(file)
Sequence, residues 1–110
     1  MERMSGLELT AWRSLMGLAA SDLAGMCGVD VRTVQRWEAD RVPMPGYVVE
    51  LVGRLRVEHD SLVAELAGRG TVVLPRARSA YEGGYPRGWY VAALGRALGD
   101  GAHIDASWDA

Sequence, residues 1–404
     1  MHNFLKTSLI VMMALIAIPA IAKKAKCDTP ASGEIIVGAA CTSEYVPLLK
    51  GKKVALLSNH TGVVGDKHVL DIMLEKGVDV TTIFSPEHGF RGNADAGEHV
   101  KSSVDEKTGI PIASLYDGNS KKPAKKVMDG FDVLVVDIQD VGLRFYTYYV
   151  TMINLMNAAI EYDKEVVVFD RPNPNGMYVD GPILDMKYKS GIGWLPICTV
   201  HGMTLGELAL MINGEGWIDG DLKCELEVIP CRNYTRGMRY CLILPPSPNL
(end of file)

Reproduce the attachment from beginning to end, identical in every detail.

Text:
Sequence, residues 1–110
     1  MERMSGLELT AWRSLMGLAA SDLAGMCGVD VRTVQRWEAD RVPMPGYVVE
    51  LVGRLRVEHD SLVAELAGRG TVVLPRARSA YEGGYPRGWY VAALGRALGD
   101  GAHIDASWDA

Sequence, residues 1–404
     1  MHNFLKTSLI VMMALIAIPA IAKKAKCDTP ASGEIIVGAA CTSEYVPLLK
    51  GKKVALLSNH TGVVGDKHVL DIMLEKGVDV TTIFSPEHGF RGNADAGEHV
   101  KSSVDEKTGI PIASLYDGNS KKPAKKVMDG FDVLVVDIQD VGLRFYTYYV
   151  TMINLMNAAI EYDKEVVVFD RPNPNGMYVD GPILDMKYKS GIGWLPICTV
   201  HGMTLGELAL MINGEGWIDG DLKCELEVIP CRNYTRGMRY CLILPPSPNL